Luxor is one of the greatest open-air museums in the world. It's divided by the Nile into two banks, the East Bank, and the West Bank. In Ancient Egyptian mythology, setting the sun to the west is the symbol of the death and rising the sun from the east is the symbol of the life. That's why they buried the dead bodies inside tombs on the west bank and built their temples on the east bank. On Luxor's East bank you will find the most impressive and famous temples in Egypt, Karnak, and Luxor Temples. And on the West Bank of Luxor, there are the Valley of the Kings and Queens, the Hatshepsut's Temple, the Colossi of Memnon, the Workers Village, and the Temple of Medinet Habu. Below you will find the historical information about Luxor top attractions and best things to do in Luxor.


Important Sites


Luxor Temple

Construction work on the temple began during the reign of Amenhotep III in the 14th century BC. Horemheb and Tutankhamun added columns, statues, and friezes, and Akhenaten had earlier obliterated his father's cartouches and installed a shrine to the Aten. However, the only major expansion effort took place under Ramses II some 100 years after the first stones were put in place. Luxor is thus unique among the main Egyptian temple complexes in having only two pharaohs leave their mark on its architectural structure.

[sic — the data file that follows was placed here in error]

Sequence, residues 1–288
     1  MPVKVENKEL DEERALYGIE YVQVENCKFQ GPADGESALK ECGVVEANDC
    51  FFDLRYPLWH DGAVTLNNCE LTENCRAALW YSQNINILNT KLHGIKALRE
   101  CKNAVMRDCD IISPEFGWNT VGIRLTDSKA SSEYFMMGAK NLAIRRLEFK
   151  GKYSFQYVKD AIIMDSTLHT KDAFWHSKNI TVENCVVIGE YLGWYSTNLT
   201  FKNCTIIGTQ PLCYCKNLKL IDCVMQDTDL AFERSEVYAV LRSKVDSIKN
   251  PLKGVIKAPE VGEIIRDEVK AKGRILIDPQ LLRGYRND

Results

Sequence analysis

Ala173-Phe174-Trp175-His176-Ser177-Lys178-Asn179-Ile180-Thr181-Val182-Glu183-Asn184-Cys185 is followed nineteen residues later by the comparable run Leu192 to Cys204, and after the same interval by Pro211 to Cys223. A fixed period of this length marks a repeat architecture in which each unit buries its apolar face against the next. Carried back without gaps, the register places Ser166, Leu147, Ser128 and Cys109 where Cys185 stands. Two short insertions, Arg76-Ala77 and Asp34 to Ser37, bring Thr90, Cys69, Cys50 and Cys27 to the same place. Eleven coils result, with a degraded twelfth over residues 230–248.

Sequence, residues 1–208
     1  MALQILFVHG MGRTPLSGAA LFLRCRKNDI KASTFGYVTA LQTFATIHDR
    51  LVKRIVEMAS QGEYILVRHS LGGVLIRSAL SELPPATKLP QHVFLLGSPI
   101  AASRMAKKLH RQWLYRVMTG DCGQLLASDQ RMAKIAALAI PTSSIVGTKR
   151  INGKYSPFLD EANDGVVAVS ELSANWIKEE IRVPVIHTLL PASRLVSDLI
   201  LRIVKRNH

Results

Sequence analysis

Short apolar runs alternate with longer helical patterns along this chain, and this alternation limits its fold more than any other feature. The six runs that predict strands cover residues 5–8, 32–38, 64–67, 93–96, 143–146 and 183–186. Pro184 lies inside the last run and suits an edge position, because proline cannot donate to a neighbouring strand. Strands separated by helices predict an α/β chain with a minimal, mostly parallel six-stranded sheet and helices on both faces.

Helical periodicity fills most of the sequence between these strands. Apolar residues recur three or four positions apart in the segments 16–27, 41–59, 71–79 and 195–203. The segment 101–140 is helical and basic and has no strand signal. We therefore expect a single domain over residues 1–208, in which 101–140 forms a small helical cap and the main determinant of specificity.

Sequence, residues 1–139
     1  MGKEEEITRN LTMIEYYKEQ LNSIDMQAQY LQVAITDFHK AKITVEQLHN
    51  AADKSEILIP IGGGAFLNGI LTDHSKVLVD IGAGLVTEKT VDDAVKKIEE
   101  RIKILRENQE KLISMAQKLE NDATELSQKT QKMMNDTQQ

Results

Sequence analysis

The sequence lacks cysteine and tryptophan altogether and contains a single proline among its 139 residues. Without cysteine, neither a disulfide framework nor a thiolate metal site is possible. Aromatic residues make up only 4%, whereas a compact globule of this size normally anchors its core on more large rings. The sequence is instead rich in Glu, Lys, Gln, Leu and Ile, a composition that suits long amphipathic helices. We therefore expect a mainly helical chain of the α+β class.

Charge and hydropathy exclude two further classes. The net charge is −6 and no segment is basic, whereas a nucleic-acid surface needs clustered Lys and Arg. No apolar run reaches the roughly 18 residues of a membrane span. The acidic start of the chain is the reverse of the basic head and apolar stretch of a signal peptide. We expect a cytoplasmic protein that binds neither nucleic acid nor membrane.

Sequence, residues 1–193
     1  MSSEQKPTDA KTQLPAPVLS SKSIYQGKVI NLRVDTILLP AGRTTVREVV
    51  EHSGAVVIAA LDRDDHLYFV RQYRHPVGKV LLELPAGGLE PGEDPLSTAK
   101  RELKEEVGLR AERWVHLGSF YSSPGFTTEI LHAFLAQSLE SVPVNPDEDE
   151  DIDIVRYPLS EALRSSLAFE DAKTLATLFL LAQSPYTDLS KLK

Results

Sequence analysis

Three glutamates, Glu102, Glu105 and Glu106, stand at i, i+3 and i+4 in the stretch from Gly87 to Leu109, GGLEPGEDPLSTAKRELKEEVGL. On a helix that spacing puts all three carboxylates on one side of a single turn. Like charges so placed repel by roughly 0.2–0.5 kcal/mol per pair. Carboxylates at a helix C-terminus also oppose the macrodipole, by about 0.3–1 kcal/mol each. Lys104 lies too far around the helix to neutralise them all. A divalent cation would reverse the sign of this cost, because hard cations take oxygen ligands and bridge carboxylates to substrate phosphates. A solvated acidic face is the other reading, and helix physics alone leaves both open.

Karnak Temple

This vast temple complex in Luxor is dedicated primarily to Amun and dates from as early as 2000 BC. It is an impressive sight, and second only to the Great Pyramids in popularity.


The Ramesseum

This is the mortuary temple of Pharaoh Ramses II, who ruled for 67 years during the 13th century BC, the apogee of Ancient Egypt's power and glory.


Medinet Habu

Erected around 1180 BC, this is the Mortuary Temple of Ramses III, a huge complex second only to Karnak in size and better preserved. It has a huge pylon and many reliefs, plus an older temple by Hatshepsut.


Memnon Colossi

The first main sight across the Nile from Luxor are these two massive stone statues of Pharaoh Amenhotep III. For 3,400 years, they have guarded his mortuary temple.



For the Ancient Egyptians, Abydos was one of the holiest sites in the world. It was the cult center of the god Osiris and gateway to the underworld (believed to lie under the nearby hills) and therefore many people made pilgrimages here or were brought here for burial after death.